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Monday 19 December 2022

Monday's Long Songs

Back in the early 90s Verve appeared out of the wilds of Wigan, four skinny pale boys with straggly hair, suede jackets and desert boots, looking like the existed on a diet of cigarettes and LSD with the occasional bag of chips for nourishment. They were a swirling psychedelic monster, space rock that soared and swooped. Guitarist Nick McCabe didn't appear to be much interested in chord progressions and verse- chorus dynamics but in texture and tone, FX and reverb, runs of notes that were like pinpricks of light against the inky black heavens. The rhythm section thundered away, a bedrock that elevated the group's noise away from the shoegaze bands and towards the skies. As a calling card and statement of intent their debut single, 1991's All In The Mind and its B-sides One Way To Go and A Man Called Sun, is a hard to beat. This incarnation of the group got lost after the release of A Storm In Heaven in 1993 (although A Northern Soul has its moments too). They were forced to add The to their name. Inter- band relations and constant touring took their toll. Singer Richard Ashcroft, 'Mad Richard' in the press in the early 90s, began to be more interested in mid- paced, universal balladeering than stratospheric dream psyche. These things happen. 

Gravity Grave, released in October 1992 is eight minutes of the above, a delay affected bassline, big drums and a squeal of guitar, then more guitar and FX and Richard singing into the wind, 'My life is a boat/ Being blown by you/ With nothing ahead/ Just the deepest blue'. The song shifts a few times, breaking down into bass and drums, some harmonica and then builds again, Nick McCabe playing like a Winstanley version of Hendrix but mainly it's all about the moment, being alive inside the song as the groove goes on. 

Gravity Grave

In case you haven't noticed, over in Stockholm Jesse Fahnestock has been running an advent calendar of musical delights, his 10:40 recordings re- presented, clearing the decks ahead of a new album next year. On 3rd December, behind door number three, was a 10:40 edit of One Way To Go, that 1991 B-side dubbed out and extended, Richard's vocal going backwards and forwards, eventually meeting itself in the middle of the seven minute trip. You can get it here for free.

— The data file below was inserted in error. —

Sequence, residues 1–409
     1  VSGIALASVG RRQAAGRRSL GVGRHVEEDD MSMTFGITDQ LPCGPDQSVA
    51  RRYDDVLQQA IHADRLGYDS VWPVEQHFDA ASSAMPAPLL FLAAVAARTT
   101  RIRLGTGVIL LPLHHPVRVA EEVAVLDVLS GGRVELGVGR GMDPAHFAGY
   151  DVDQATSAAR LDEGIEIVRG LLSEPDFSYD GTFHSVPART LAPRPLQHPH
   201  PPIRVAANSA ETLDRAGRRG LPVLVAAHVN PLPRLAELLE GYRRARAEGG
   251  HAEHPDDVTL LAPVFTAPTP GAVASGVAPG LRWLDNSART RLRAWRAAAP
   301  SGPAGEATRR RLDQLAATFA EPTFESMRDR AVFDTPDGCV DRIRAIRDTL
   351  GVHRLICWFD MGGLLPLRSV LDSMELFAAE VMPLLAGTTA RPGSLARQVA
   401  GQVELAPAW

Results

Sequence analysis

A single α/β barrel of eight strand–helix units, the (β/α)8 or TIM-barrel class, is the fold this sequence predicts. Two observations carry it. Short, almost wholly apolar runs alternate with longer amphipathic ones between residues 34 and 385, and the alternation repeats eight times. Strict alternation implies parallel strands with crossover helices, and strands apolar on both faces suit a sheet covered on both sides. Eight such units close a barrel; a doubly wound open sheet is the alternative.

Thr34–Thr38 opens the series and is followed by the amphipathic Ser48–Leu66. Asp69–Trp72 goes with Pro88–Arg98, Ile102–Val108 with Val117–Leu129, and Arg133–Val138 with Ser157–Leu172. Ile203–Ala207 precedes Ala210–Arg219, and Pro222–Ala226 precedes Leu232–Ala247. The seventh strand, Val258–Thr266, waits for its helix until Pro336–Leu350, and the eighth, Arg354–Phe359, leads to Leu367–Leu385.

The entire 10:40 advent calendar of releases is free, a festival of music with releases- edits, original tracks and remixes spanning dubbed out rock, laser beam festival electronics, wonky hip hop, chuggy Balearica and Tom Waits boneshaker blues. It is going on every day until the big day comes this weekend. Dig in and feed your head here


Anonymous said...

That opening period of EPs and the debut album is really quite astounding. Where The Geese Go, Feel, She's A Superstar. They managed to capture lightning in s bottle. The BBC sessions from the time on Peel & Mark Radcliffe are really worth a listen.

Michael Doherty said...

That was me above. Google was playing silly buggers.

Swiss Adam said...

A friend shared this earlier, live in 1992, amazing stuff https://www.youtube.com/watch?v=ynPJSWyvCDY

LuckyLucas said...

My favourite Verve in blissed-out gig was at Manchester uni dec 93- the small room that later was academy 3 i think. Oasis third on the bill but missed them although I had wanted to see them. Oasis had done a stone roses type promotional thing by flyposting the union-jack-down-the-toilet logo around the suburbs of salford/manchester so they were on the radar. My mate caused us to to arrive late and it has haunted him since (an oasis fan). In '95 we missed the verve support again which was Toni Halliday's shortlived new band after Curve.
the following June Oasis played their first outdoor gig at a free heineken sponsored gig at avenham part in preston. They had to stop the opening song as they were getting loads of the sponsors product thrown at them. "We're not fkin Blur" the singer bleated. The following year Verve headlined and the beer started flying again. RA threateningly lurched over to one side of the stage where the main culprits were grouped and quickly nipped that in the bud. The band played without missing a beat.

Swiss Adam said...

Great stuff LuckyLucas. That little room at the top of the university, Academy 3, is a cracking venue. Seen a few bands in there- can imagine early Verve would have been on fire in there.